In support of our observations in primary PCa, we found a functional role of LASP1 in LNCaP cells. Besides a moderate reduction of cell proliferation, we observed an impaired migration of LNCaP cells upon inducible shRNA-mediated LASP1 knockdown. These in vitro results correspond to the in silico predictions derived from our GSEA of microarrays of primary PCa, which showed an association of LASP1 expression with transcriptional signatures involved in locomotory pathways. In analogy, reduced cellular migration upon LASP1 knockdown was observed in medulloblastoma , breast cancer , and colorectal cancer . Consistently, in several cancer entities such as breast cancer , bladder cancer , squamous cell carcinoma  and now PCa, increased LASP1 protein levels are connected to reduced mir-203 RNA levels and concomitant enhanced cell proliferation and migration.
Notably, in parallel to our experiments, Erho et al. identified LASP1 as one out of 22 marker in a PCa genomic classifier (GC) . The study revealed that 60% of clinical high-risk patients would be reclassified as low-risk with a cumulative incidence of metastasis of only 2.4% at 5 years post radical prostatectomy. Conversely, patients with the highest GC score had nearly 10 times higher cumulative incidence of metastasis by 5 years. The value of this GC in routine clinical practice was assessed in two additional studies  .
In summary, our results suggest that LASP1 overexpression, most likely mediated by the loss of mir-203 expression, is involved in progression and metastasis of PCa. These data add further functional support for LASP1 being part of the new GC set that discriminates indolent from more aggressive PCa subtypes.
Tissue samples and study population
Patients’ clinicopathologic characteristics are summarized in Table 1. 161 archived paraffin-embedded tissue samples from human prostate cancer (PCa) with confirmed histological diagnoses (radical prostatectomy), 17 corresponding lymph node metastases (LNM) and samples of 15 benign prostatic hyperplasia (BPH) were obtained from the Department of Pathology of the University of Karlsruhe, Germany . All studies were performed with the approval of the Institutional Review board of the Universities of Wuerzburg and Karlsruhe and complied with national laws and the declaration of Helsinki. Grading of PCa malignancy was evaluated according to the Gleason score . Tumor staging was conducted according to parameters of the TNM classification system . Follow-up was performed every 3 months for the first 2 years after surgery, every 6 months in the following 3 years, and annually thereafter. Clinical recurrence is the clinical failure after prostatectomy defined either as histologically proven local recurrence or distant metastasis confirmed by a CT or bone scan that had the date of failure. Biochemical progression/PSA progression was defined as PSA ≥0.2 ng/ml on 2 consecutive follow-up visits.
Microarray and gene-set enrichment analyses (GSEA)
To compare LASP1 mRNA expression in malignant and normal prostate tissue publicly available microarray data of primary (n=61) and metastatic PCa (n=25) as well as normal prostate tissue (n=18) were retrieved from the Gene Expression Omnibus (GEO; accession numbers: GSE6604, GSE6605, GSE6606, Affymetrix HG-U95Av2 arrays). In addition a much larger publicly available gene expression data of a study analyzing n=154 individual PCa samples was retrieved from the GEO (accession number: GSE17951, Affymetrix HG-U133Aplus2.0 microarrays) for pathway analyses. Expression data were manually revised for their correct annotations and simultaneously normalized by Robust Multi-array Average (RMA) [33, 34] using custom brainarray (v15 and v17 ENTREZG) CDF files yielding one optimized probe-set for each gene corresponding to the ENTREZ gene ID as described elsewhere . To identify pathways and biological processes associated with LASP1 overexpression in PCa we applied a gene-set enrichment analysis (GSEA) on the normalized microarray data . GSEA was performed with 1000 permutations using a pre-ranked list composed of the log2-transformed fold changes of the median gene expression values comparing the top 10 LASP1-high with the top 10 LASP1-low PCa samples (Supplemental Table 1).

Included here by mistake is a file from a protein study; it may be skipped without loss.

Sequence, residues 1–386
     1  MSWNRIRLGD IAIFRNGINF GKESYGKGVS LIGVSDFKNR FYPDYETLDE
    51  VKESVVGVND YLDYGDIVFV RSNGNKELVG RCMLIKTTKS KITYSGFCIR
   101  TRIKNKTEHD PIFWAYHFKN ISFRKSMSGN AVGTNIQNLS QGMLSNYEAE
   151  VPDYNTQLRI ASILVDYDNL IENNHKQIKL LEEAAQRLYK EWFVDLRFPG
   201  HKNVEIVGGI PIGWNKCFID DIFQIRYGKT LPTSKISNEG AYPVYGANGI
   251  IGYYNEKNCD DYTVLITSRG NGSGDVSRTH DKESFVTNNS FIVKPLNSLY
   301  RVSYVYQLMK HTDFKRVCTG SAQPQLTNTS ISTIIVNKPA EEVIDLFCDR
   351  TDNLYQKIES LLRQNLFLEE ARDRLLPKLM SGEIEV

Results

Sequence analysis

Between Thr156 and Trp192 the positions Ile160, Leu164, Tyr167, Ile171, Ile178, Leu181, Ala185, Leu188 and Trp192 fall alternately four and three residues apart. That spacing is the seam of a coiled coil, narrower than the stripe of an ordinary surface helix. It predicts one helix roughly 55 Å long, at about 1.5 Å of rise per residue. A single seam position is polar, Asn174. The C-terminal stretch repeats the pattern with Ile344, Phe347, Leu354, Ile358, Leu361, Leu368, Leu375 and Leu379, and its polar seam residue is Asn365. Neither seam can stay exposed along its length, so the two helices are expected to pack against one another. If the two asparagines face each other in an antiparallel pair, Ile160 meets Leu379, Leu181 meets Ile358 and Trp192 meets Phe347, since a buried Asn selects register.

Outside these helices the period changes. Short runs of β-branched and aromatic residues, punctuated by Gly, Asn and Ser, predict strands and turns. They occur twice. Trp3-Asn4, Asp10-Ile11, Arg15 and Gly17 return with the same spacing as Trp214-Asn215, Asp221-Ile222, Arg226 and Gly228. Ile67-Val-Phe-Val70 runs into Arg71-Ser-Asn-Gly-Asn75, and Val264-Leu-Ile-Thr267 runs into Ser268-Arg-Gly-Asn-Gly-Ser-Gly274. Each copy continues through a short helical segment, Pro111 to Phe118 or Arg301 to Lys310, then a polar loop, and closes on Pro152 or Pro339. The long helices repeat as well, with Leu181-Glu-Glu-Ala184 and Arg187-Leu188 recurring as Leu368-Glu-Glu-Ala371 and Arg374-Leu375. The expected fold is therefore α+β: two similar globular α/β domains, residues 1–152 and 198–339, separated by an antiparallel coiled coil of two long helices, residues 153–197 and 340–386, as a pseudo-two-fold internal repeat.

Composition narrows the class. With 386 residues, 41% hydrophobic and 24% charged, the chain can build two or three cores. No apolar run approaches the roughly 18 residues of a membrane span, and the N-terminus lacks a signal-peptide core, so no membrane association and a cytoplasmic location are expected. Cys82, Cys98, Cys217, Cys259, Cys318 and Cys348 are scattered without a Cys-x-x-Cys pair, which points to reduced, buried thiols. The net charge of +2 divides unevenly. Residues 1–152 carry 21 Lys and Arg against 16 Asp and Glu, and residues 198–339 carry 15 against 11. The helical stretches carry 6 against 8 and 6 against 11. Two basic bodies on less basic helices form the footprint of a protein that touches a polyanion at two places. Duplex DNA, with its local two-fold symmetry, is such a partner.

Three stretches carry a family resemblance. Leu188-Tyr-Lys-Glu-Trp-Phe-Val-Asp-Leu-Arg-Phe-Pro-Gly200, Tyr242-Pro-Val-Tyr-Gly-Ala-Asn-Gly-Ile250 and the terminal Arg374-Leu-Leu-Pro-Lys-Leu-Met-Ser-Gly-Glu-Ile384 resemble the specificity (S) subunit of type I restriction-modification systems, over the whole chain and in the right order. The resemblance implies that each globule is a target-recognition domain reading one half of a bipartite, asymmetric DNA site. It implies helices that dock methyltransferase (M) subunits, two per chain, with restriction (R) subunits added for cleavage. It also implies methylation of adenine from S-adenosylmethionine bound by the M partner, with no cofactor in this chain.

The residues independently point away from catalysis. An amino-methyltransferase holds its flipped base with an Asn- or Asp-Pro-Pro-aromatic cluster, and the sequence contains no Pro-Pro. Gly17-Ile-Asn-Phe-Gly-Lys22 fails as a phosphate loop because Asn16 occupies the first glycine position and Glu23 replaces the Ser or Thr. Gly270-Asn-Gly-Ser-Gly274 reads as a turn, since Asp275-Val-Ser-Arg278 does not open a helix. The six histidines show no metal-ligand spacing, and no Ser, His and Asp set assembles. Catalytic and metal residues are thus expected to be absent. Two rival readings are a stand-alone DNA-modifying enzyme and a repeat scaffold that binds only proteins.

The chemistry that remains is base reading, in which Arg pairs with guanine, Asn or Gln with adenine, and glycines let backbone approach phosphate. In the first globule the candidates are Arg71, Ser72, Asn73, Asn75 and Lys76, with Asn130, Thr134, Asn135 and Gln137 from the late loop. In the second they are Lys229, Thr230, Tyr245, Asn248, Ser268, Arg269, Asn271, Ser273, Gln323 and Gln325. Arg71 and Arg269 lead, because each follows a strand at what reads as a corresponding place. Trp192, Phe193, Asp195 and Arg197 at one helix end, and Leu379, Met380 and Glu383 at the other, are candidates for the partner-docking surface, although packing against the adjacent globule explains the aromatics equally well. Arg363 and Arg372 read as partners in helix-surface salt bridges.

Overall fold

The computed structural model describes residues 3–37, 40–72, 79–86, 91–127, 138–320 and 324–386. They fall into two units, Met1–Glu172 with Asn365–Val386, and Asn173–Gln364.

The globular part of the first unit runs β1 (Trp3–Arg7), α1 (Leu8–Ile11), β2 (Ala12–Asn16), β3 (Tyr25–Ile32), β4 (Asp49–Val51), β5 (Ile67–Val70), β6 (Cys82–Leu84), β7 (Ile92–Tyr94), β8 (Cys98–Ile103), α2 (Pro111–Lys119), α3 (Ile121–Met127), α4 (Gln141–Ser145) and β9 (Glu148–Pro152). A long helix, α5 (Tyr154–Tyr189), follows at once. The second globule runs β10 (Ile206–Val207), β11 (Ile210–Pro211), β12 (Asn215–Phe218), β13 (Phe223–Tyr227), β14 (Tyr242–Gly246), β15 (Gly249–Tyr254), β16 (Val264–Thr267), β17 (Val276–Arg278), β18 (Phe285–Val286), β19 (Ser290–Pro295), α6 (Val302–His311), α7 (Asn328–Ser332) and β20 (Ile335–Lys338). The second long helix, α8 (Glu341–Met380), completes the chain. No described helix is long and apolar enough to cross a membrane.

For immunostaining, sections were placed onto SuperFrost® slides (Langenbrinck, Emmendingen, Germany), dewaxed in xylene, rehydrated in graded ethanol and in dH20. For antigen retrieval, sections were subjected to heat pre-treatment by boiling in 0.01 M of sodium citrate buffer (pH 6.0) for 10 min in a microwave oven (750 Watt/sec.). Endogenous peroxidase was blocked by incubation in 0.1% hydrogen peroxide in PBS for 5 min. Slides were then incubated with the polyclonal anti-LASP1 antibody  diluted 1:1000 in “antibody diluent” (DAKO, Hamburg, Germany) followed by EnVision/rabbit detection system (DAKO, Hamburg, Germany). All immunohistological samples were evaluated by two independent scientists for defining of the percentage of LASP1 positive cells and the cytosolic immunoreactivity. Scoring of cytosolic LASP1 expression was carried out in analogy to the scoring of the hormone receptor Immune Reactive Score (IRS), ranging from 0-12 according to Remmele et al. and is described in detail for LASP1 in breast cancer [12, 38]. For better statistical discrimination, samples scored with cytosolic LASP1-IRS <5 were classified as LASP1-negative and those with LASP1-IRS >5 as LASP1-positive. Nuclear LASP1 positivity: Nuclear LASP1 positivity was scored by determining the percentage of positive nuclei regardless of cytosolic LASP1 immunoreactivity. Samples were considered as nuclear-positive if 10% or more cells showed nuclear LASP1 staining.